It is a feat yet to be achieved in the modern era. Since 1925, four others have travelled as far as Kidderminster: Colchester and Yeovil in the 1940s, Blyth in 1978, Telford in 1985. By rights, the Hammers should consign the Harriers to the same line of the record books. Then again, after the last round, perhaps the Premiership is braced for a shock.
Already the town is celebrating. Win or lose, the team is back on a pedestal last occupied when Kidderminster won the FA Trophy in a replay at West Bromwich in 1987. The club secretary, Ray Mercer, one of life's busier 70-year-olds, ushered the players into a hangar-like sports hall to meet eager young fans at the start of their big week. He could recall smaller crowds for home games.
Clubs outside the League are the habitat of the never-quite-made-its among footballers. Kidderminster, the GM Vauxhall Conference leaders, are no different. For one player, Saturday represents an extraordinary, unexpected dream; for another, a tantalising glimpse of what ought to have been reality.
Paul Davies scored both the goals that beat Burton Albion in the 1987 replay, two among 243 in 513 games for his home-town club, in whose folklore his place is assured. 'I didn't think I'd have a moment to beat that, but this is starting to outstrip even the Trophy,' he said. 'I'm 33 now and I consider that I've had a good career, but I had never gone a long way in the Cup or won the Conference. If we are still in the same position at the end of the season, I could retire happily.'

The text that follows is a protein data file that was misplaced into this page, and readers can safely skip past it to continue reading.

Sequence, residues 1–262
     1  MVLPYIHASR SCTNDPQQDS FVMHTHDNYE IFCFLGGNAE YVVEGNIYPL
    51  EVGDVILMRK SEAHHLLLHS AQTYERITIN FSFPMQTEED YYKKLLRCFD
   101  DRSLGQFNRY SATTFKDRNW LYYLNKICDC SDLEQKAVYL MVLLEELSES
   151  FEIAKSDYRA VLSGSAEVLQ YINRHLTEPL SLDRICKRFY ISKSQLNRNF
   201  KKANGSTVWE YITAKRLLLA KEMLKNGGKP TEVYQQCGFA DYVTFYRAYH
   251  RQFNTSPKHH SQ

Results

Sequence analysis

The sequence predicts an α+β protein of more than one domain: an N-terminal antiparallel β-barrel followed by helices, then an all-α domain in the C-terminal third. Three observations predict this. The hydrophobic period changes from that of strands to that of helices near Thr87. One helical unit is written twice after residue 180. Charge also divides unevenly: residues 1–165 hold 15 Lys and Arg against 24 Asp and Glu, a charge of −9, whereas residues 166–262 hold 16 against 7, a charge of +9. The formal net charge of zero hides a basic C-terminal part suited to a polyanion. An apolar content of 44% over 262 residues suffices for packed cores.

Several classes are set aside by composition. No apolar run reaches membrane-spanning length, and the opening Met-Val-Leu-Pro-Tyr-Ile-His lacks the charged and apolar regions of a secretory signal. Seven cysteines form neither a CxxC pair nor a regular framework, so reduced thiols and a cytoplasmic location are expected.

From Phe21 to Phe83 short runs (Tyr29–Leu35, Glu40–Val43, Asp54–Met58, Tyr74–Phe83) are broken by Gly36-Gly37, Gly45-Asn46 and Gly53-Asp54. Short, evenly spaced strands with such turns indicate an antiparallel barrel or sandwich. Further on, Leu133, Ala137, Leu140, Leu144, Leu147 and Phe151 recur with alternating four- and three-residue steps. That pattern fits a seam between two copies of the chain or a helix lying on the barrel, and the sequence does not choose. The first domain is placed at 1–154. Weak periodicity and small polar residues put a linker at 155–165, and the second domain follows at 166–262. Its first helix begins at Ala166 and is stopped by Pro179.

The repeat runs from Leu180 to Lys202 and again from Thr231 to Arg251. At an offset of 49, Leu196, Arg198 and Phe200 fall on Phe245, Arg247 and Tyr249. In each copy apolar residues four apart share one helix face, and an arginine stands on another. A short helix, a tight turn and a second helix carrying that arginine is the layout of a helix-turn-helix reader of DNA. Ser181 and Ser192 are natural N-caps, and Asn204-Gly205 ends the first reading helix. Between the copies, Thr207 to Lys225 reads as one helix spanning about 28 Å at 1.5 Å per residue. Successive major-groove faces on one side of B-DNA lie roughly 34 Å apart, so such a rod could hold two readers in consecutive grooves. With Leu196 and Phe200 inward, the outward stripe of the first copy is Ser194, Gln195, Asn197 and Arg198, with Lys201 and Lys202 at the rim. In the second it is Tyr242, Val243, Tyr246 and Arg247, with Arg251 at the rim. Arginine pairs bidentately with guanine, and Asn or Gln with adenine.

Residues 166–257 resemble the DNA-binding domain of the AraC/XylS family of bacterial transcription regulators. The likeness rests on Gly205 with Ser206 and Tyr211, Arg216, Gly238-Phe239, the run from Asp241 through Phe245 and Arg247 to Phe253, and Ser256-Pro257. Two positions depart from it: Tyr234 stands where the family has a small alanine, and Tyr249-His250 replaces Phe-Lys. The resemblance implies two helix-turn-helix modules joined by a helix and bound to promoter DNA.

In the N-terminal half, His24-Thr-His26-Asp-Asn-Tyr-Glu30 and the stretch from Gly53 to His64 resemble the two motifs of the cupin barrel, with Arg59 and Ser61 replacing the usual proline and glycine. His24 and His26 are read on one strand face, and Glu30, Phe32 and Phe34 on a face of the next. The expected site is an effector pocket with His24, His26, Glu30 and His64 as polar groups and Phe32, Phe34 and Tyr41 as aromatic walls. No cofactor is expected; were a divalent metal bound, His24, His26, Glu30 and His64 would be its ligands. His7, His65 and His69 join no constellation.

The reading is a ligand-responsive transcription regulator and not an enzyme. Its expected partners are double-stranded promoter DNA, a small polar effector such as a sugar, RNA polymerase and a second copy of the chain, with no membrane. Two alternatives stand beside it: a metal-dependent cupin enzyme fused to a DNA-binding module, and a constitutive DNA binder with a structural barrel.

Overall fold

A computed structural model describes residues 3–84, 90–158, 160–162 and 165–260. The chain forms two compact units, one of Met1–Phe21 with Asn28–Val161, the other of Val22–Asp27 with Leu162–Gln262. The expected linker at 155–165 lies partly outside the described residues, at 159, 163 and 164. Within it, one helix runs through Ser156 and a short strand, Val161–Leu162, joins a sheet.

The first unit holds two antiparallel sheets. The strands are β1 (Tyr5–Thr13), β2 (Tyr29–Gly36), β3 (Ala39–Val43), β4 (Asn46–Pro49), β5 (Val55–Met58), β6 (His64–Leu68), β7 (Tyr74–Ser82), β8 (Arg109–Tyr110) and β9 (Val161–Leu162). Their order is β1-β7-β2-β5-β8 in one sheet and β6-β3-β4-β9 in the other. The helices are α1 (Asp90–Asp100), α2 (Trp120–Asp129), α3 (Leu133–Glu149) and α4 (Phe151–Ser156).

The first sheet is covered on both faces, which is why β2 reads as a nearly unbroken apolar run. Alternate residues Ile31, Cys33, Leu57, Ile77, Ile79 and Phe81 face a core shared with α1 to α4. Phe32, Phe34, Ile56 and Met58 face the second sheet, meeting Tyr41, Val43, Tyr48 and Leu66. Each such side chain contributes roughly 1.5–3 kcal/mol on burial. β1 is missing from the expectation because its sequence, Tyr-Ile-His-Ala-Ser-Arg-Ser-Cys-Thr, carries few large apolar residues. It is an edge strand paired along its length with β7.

Once with Cardiff City, briefly a professional in the Netherlands, Davies settled for the minor stage a decade ago and now combines the life of local hero with a steady job in the club chairman's clothing business. 'As a part-timer, you can approach football in a more relaxed way, free from professional pressures.'
Jon Purdie, the left winger, also appreciates the merits of the lifestyle. Wind back his career 10 years, however, and such a fate seemed unthinkable.
An England youth international, an Arsenal junior alongside Rocastle, Merson and Adams, he was a prodigiously gifted ball-player with a future at the very top. But be became a mistrusted talent, unreliable on and off the field. Though he played more than 100 times for Wolves, his career largely has drifted, unfulfilled.
'He still has the ability he had when he began,' his manager, Graham Allner, said. Davies concurs. 'He has had a lot of clubs and a lot of managers but I don't think there is one that has got more from him than Graham. Ability-wise, he should be in the Premier.'
Purdie, 27 next Tuesday, married with two children, a telephone systems salesman, tries not to regret the past. 'I'm a bit disappointed things did not work out better. I know I did not make the most of my chances and you cannot look back.' Sharing a field with Lee Chapman, a familiar face from Highbury days and nights, might, though, bring a pang or two.
'I'm playing as well now as when I was 17 or 18,' he said. 'I've grown up as a person and I'd love to have another go as a professional if someone wanted me. But I'm happy with a mortgage and responsibilities. It is not just about me anymore.'
Purdie scored a breath-taking winner at Birmingham in the third round and laid on the goal for Delwyn Humphreys, of the Beagrie back-flips, that did for Preston. Davies missed St Andrew's through injury. He has no fitness problem this time, and no fears either.
'We are a passing team and the space West Ham will give us will suit us. Potentially it is the best Kidderminster team ever.'
Allner will prepare as for any other match; a couple of hours' training, a 10-minute briefing on the opposition, report to Aggborough after lunch as usual. But there is that matter of making history. 'No one expects us to win, really,' Allner said. 'But it is not often at any level that you get the chance to be first at anything. We've got that chance on 90 minutes of football and, albeit pounds 5m-worth against pounds 40,000, 11 against 11. It's an exciting thought. We'll have a little dream about it.'
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